2011 Wedding Giveaway couple: Tiffany & Charlie

This weekend we're in New Orleans photographing Tiffany & Charlie's wedding; they're the recipients of the 2011 Wedding Giveaway contest.  We were lucky enough to spend the afternoon in the French Quarter with them today.  I've never been to New Orleans before and I'm finding it delightful. I also find Tiffany and Charlie delightful.  Today they introduced me to the charms of New Orleans, their joint quirky sense of humor...and frozen slushy drinks. No beignets yet...that's in store tomorrow morning.  Here are a few from today's session and their popular vote winning entry.... (I'm so excited for the wedding tomorrow)


In their words: It stood in the field like an oversized replica of ALF, just more swollen and angry.  She called it a takin, and it was pissed.  Down the road was a camel, way bigger than I ever imagined.  She took us up a ladder to get nose to nose with a giraffe, then at the research center, produced a rhino horn from a safe because, apparently, it fetches a high price on the black market for its aphrodisiac properties.  As she explained in great detail the habits and needs of the large African animals strolling about the refuge in Ohio, I couldn't help wondering about this skinny woman in khaki clothing.  Why is she so passionate about these things? And why is her name "Tiffany"?  Late in the afternoon, she snapped a photograph of my son, Jack, and me posing in front of a rhino.  We're standing in a sunny pasture, just inches from one ton of African awesomeness.  I go back to that photo from time to time ; Tiffany behind the lens and us in front.  We look so damn happy, like we just hit the jackpot.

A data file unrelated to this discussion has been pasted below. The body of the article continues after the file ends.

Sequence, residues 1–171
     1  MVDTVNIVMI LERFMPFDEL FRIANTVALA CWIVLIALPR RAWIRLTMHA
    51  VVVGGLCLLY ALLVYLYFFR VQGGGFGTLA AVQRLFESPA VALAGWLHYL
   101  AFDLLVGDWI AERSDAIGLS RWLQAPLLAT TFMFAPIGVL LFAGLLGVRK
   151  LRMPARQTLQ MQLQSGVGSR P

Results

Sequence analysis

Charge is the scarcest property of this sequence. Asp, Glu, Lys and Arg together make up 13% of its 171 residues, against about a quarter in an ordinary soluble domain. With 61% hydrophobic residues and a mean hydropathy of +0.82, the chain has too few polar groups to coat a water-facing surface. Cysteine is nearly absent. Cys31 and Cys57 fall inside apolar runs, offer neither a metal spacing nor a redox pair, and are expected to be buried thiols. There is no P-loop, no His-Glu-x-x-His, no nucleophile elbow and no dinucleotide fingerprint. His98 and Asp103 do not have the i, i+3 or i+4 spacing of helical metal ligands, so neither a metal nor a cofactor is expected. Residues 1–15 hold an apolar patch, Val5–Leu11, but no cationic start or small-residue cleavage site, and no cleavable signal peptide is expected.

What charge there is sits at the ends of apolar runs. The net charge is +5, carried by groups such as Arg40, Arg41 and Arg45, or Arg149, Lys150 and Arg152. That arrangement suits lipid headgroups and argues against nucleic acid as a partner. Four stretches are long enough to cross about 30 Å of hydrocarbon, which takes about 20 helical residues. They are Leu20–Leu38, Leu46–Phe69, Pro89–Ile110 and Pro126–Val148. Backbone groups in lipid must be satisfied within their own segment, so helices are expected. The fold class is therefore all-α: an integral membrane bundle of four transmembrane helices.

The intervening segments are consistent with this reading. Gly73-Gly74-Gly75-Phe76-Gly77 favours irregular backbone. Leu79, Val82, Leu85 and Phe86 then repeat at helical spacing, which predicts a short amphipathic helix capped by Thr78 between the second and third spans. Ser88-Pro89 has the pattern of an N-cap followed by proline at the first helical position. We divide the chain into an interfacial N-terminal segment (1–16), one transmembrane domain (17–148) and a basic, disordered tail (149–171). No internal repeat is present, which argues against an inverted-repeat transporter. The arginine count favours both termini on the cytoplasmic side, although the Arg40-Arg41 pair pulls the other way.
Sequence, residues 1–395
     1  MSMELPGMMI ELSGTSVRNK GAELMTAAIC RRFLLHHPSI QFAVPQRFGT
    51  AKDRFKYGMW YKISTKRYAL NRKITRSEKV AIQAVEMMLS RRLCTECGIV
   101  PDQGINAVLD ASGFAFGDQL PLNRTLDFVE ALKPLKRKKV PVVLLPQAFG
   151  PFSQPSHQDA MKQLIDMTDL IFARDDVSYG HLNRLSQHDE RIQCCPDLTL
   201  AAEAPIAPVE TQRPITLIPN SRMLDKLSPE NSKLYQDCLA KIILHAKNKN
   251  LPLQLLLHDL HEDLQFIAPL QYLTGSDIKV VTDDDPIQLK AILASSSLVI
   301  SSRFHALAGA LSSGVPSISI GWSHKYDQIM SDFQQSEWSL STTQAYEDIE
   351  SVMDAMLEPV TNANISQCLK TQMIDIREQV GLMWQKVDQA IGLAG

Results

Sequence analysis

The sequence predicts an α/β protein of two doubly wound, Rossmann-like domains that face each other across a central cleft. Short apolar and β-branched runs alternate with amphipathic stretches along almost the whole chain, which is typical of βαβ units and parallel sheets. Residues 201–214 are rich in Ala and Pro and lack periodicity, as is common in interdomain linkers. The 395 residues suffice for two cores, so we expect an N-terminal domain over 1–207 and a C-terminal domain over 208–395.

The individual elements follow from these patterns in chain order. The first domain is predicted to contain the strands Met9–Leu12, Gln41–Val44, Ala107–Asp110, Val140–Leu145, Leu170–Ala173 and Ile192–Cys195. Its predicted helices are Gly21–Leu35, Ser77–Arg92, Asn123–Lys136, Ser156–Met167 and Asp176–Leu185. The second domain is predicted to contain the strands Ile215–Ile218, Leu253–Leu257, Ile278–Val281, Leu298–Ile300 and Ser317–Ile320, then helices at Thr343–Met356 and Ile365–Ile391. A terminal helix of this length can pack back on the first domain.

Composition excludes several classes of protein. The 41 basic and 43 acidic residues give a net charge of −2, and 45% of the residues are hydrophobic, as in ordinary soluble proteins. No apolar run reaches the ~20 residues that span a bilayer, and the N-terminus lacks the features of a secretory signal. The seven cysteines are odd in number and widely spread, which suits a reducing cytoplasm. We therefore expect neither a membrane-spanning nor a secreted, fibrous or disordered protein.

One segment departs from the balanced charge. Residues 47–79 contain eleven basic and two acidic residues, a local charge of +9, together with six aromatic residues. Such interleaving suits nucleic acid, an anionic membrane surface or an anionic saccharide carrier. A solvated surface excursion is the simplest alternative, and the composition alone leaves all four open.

A year later, my phone rang.  It was that skinny animal lover.  She was in Minnesota to interview for a job and, to my surprise, she accepted the invitation to eat cheeseburgers at a crappy bar.  I waited at the bar for her, smirking she'd probably show up in her khaki outfit, smelling of zebra. What I saw walk through the door was not what I expected.  Not at all.  She was actually from New Orleans, not Ohio.  She loved music, not just large animals.  She wore sundresses, not just khaki.  At the end of the night we parted ways with a hug on a street.  It was an awkward hug, but I remember the moment as clear as a snapshot.

Eventually, Tiffany took a job at the Minnesota Zoo and moved to Minneapolis.  We'd get together on occasion.  Jack and I learned the joys of Louisiana style cooking and Tiffany learned how to dress for squirt hockey games in the under-heated arenas of Minnesota.  Sometimes we touched, sometimes we didn't.  We became friends and the hugs became less awkward. The time together felt better than the time apart, but we were both independent.  Fiercely independent.

Two years later, Tiffany told me she was going to buy a house.  Sitting next to her in the realtor office as she signed and initialed page after page, I watched closely and wondered why my hand shook more with each swipe of her pen.  I thought about our collective journey and images flew through my head.  She began to fade.  I don't mean fade in the sense that my friend was starting a new chapter in her life which would alter our course.  She was disappearing.  Remember in Back To The Future when Michael J Fox watched his siblings, and eventually himself, erase from the photo?  I was living that moment.  If Tiffany reached the bottom of that stack of papers, she'd be gone.  Back to her future, missing from ours.

A year and one very disappointed realtor later, Tiffany and I were engaged.  Jack and I slipped a simple ring on her finger while snorkeling in Mexico, whales sealing the deal with a chorus of calls.  Back on the boat we all posed for pictures taken by strangers.  We had become instant celebrities.  People love a couple in love.  But what I love most about those pictures is one in particular of Jack and me, our faces a mirror image of that day in Ohio, standing between a rhino and a skinny tour guide, looking like we just hit the jackpot.  Only this time there was no question about it.

Tiffany and I weren't an immediate Polaroid image of perfection. We developed slowly, a long exposure that brought crisp focus to our love.  This June, in New Orleans, the camera won't be documenting our wedding day, it will be capturing what we have become.